Facts About Flashback (1992): The Godfather of Cinematic Platforming

Note: This article is a complement to the YouTube video Facts About Flashback. If you would prefer a more concise, and cinematic, rundown of this article’s findings then please click the above link.

Flashback is a 1992 cinematic platformer developed by Delphine Software, a French development team based in Paris. The team was small, consisting of about ten people, which is interesting given the cutting-edge nature of the project. Flashback is regularly cited as a game ahead of its time. Its realistic movement, lushly rendered backdrops, and detailed world-building made it stand out as a more mature kind of platforming game. The cinematic aspect is key to its longevity. Flashback is a short game, but its seven levels are memorable, borrowing heavily from science-fiction films of the eighties and early nineties. In fact, playing Flashback is like playing every retro sci-fi action movie ever made. The game stretched the limits of technology to allow for such an experience. A combination of great artistry and smart story-telling helped turn Flashback into the timeless cult classic it is today.

Flashback targeted a more mature audience than the average platformer. It was often marketed as a cinematic adventure game with an intriguing science-fiction plot. One full-page advertisement features a startled pair of eyes. A golden laser beam focuses its light between the eyes, smack in the middle of the forehead. This is the same image used in the original title screen. It’s an intense sort of image that belongs on the poster of a psychological thriller. Big bold white letters read ‘THE EYES HAVE IT!’ Super Mario this is not. The same blue-and-orange aesthetic is used for the game’s cover art. The artwork features images typical of science-fiction movie posters. There’s a planet sitting in one corner, a reptilian humanoid face in another, and opposite this a cube beaming with more of that mysterious golden light. Everything floats against the starry backdrop of outer space. In the middle is a serious-looking man wearing a green eyepiece, who looks like he’s on the cusp of a great discovery. That or he’s just discovered a new stain on his ceiling. It’s high-brow entertainment either way. Accolades like ‘ACTION ADVENTURE OF THE YEAR’ surround the artwork in another full-page ad. The game boasts ‘the most lifelike animation ever created for a video game’. Elsewhere the action is compared to ‘movie animation’ and the sequences are said to be ‘straight out of Hollywood’. This is a game that combines ‘strategy and speed’. It’s a special kind of game made for that special kind of man — the thinking man equipped with the lightning-quick reflexes of a Hollywood action hero.

The television spots promote the high-octane action in their own special ways. The French commercial relies on an artsy framing device. A man’s face is photographed in black and white. His eyes are closed as if in deep thought. The camera slowly zooms in on the face, etched deep in shadow, as a narrator whispers a sultry-sounding monologue and a clock ticks menacingly in the background. This slow zoom is intercut with quick snapshots of gameplay, sometimes shown in extreme close-up, always backed by manic punk music. It’s pretty heady stuff. The American commercial relies on a similar tactic, splicing black-and-white footage with quick snippets of gameplay. Here the effect is to show how exciting the game is compared to reality. The real-life footage is stripped of colour, the game footage shown in glorious technicolour. One voice softly coos ‘Life is hard’, the other rasps ‘Flashback is harder.’ The American commercial goes for the more direct approach. But in both cases the message is clear. This is no boys’ game.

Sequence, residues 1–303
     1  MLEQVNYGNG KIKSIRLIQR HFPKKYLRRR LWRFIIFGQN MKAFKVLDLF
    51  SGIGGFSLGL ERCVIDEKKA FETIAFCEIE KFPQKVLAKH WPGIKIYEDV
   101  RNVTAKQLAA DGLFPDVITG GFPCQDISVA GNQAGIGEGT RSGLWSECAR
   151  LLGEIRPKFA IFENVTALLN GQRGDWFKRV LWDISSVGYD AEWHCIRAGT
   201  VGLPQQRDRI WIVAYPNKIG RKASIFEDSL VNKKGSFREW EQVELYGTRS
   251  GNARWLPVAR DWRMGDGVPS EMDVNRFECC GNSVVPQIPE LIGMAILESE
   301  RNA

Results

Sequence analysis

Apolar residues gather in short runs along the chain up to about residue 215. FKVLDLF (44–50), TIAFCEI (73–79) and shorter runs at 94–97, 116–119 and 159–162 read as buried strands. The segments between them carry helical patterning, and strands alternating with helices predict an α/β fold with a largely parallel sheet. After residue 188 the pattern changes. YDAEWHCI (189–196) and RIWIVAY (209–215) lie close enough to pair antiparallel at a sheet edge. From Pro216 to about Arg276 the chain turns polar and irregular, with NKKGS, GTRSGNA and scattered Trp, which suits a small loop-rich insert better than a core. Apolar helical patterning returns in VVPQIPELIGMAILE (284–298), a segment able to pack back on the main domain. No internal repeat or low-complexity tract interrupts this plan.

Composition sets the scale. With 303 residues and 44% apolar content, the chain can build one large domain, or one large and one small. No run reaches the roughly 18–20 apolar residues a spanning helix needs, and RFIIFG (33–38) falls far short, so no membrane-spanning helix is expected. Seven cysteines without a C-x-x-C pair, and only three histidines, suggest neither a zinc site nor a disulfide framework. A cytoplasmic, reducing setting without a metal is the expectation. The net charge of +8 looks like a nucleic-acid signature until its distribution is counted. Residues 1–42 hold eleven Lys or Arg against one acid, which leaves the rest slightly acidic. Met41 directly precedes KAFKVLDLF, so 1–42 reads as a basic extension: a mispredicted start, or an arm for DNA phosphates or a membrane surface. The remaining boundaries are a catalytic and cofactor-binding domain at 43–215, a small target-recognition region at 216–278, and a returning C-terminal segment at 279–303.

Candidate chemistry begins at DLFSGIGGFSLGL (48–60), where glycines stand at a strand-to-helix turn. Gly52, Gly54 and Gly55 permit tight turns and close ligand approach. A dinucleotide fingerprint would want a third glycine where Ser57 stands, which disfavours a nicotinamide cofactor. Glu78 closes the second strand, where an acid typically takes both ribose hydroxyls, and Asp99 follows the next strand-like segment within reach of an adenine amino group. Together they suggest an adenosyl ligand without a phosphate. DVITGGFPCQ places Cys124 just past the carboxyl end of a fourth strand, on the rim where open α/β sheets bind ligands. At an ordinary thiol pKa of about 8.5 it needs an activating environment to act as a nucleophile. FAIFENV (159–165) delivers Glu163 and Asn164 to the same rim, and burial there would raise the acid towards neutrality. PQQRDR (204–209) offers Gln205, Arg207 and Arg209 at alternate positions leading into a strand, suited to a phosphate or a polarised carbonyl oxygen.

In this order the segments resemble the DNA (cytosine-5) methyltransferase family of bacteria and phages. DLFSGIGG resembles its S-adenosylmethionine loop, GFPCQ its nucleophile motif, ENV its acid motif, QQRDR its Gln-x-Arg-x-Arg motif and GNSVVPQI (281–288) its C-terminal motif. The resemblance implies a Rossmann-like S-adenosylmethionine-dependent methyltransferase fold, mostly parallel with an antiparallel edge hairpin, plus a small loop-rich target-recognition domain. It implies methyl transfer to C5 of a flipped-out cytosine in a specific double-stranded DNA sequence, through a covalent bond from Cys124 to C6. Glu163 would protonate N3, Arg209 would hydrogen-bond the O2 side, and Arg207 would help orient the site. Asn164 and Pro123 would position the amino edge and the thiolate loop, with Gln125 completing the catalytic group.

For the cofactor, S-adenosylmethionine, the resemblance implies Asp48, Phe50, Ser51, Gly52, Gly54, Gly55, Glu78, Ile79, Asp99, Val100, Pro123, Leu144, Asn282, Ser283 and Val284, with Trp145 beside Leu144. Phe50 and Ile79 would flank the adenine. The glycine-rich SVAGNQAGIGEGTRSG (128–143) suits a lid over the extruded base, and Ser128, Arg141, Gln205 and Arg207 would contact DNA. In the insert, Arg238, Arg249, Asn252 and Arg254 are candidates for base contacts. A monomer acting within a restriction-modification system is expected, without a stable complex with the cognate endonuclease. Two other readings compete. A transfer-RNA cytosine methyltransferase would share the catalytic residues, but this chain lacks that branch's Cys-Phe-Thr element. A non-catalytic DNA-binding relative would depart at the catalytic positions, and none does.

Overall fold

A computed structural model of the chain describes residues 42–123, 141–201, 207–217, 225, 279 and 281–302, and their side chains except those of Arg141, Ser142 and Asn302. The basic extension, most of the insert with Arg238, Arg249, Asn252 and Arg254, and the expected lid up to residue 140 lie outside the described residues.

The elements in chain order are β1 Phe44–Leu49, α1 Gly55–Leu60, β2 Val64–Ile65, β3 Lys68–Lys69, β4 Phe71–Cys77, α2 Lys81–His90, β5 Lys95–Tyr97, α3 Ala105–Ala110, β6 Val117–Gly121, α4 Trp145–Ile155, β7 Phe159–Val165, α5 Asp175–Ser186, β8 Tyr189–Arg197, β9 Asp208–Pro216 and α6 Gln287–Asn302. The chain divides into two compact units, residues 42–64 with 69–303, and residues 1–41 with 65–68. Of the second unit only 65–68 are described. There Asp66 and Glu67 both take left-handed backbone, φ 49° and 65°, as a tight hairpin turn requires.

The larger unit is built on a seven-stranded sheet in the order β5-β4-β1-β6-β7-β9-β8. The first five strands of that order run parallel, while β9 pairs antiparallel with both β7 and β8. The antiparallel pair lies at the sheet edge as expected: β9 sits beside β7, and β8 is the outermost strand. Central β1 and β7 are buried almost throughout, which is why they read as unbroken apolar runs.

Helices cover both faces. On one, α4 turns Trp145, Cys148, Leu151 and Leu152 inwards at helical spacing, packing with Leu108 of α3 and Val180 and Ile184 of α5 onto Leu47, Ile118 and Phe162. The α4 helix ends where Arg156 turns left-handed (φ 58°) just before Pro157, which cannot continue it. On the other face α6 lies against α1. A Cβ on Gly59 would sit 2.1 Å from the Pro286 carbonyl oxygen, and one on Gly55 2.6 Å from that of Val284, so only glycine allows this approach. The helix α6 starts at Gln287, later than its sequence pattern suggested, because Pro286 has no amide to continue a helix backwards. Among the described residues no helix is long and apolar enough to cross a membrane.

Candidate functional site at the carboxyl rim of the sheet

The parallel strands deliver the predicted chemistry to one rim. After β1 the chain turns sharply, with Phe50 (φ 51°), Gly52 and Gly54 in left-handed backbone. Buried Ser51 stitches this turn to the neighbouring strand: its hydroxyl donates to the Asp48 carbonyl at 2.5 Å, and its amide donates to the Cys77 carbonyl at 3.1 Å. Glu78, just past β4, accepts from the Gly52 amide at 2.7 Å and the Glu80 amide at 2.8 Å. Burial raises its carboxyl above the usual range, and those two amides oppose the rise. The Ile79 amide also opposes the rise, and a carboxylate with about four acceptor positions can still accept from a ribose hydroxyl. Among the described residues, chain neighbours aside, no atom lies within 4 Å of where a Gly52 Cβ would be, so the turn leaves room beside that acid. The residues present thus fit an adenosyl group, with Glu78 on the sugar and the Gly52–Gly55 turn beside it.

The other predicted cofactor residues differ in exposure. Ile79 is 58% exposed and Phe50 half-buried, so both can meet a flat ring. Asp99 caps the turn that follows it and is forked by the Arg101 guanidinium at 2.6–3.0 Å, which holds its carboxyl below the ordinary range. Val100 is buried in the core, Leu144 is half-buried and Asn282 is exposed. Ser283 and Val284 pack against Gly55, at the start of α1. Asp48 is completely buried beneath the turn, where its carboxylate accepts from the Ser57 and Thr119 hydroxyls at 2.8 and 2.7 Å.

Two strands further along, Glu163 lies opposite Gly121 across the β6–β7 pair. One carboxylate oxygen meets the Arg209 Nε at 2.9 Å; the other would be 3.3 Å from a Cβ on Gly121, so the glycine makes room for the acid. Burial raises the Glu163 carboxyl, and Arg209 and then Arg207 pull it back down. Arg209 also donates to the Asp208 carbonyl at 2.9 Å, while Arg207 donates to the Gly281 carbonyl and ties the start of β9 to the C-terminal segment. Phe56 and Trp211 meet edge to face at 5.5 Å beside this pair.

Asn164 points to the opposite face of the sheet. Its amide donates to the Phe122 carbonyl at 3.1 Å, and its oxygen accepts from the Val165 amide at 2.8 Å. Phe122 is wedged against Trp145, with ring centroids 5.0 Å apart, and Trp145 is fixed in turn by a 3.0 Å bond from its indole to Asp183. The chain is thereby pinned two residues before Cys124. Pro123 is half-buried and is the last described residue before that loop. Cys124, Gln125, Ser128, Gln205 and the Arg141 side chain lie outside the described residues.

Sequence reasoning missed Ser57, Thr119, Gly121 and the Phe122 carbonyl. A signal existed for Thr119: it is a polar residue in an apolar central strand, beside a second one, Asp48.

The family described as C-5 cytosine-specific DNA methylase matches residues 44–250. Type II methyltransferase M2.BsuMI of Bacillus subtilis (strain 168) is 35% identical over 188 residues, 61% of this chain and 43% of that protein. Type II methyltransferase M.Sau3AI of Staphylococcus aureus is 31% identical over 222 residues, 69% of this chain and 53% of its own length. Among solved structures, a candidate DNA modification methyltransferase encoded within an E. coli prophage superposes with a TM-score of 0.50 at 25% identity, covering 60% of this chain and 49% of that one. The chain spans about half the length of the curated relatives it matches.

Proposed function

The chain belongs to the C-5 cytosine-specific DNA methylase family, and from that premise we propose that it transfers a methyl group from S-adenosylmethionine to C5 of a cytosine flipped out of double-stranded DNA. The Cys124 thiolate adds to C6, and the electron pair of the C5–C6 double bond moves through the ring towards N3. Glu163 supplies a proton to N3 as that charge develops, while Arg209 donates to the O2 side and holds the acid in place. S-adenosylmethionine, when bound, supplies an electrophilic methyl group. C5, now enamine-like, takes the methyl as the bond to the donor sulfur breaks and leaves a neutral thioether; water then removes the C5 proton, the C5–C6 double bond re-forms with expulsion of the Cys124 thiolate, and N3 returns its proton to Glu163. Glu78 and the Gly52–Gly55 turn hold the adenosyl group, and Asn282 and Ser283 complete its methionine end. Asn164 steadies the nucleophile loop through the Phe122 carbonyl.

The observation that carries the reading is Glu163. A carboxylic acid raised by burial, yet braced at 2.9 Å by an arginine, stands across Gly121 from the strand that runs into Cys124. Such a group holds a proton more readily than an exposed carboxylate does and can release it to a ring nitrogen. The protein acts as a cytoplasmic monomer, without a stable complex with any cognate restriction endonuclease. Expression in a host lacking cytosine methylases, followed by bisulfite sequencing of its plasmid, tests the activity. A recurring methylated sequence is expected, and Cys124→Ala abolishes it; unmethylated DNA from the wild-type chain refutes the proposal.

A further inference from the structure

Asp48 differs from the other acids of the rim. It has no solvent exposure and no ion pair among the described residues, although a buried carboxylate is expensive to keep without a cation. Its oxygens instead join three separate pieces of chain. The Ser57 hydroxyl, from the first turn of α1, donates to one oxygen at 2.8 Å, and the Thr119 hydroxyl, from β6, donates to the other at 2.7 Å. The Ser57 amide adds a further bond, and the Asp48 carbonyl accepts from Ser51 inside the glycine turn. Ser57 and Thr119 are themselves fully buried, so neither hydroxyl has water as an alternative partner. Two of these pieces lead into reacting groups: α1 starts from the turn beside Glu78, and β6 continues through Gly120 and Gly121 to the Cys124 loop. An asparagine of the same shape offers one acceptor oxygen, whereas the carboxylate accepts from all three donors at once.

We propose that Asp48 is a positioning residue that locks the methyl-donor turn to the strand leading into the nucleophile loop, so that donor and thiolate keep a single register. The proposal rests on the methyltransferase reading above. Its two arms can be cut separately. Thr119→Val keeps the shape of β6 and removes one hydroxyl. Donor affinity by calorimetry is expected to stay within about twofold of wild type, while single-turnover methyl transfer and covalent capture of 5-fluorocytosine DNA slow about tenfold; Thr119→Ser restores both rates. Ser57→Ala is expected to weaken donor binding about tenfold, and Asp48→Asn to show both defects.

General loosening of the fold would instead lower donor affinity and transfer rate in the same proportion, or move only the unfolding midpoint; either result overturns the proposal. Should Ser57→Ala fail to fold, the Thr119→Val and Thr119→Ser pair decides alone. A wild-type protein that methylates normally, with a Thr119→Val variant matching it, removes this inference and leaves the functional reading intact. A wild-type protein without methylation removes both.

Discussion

The origins of Flashback can be traced back to a Hollywood classic. In a 2013 interview with Retro Gamer, the game’s writer and director, Paul Cuisset, reveals the game was originally intended as an adaptation of The Godfather. He explains: ‘U.S. Gold [the publisher] came to us at Delphine and they had the licence to make a game and they wanted us to create something. We suggested to make a game in the future; The Godfather in space.’ It should be noted that early game adaptations tended to be loosely based on the source material. By that point, Delphine Software had already adapted a famous film franchise into a video game, that game being Operation Stealth, and that film franchise being James Bond. Operation Stealth was a point-and-click adventure which only made use of the Bond licence in the US. Elsewhere James was ‘Mr. Glames’. 007 was retrofitted into a globe-trotting spy adventure, evident in the fact he receives orders from the CIA despite working for MI6. The idea behind The Godfather game was ‘to transpose the story of Michael Corleone into the future where he would be chased by mafiosi.’ Instead of a young scientist escaping from cyborg cops, it would be Michael Corleone running away from mafia hitmen. The first demo took 6 to 7 months to make. Soon after U.S. Gold decided it was not possible to continue with the licence. It may have gone too far in a few places.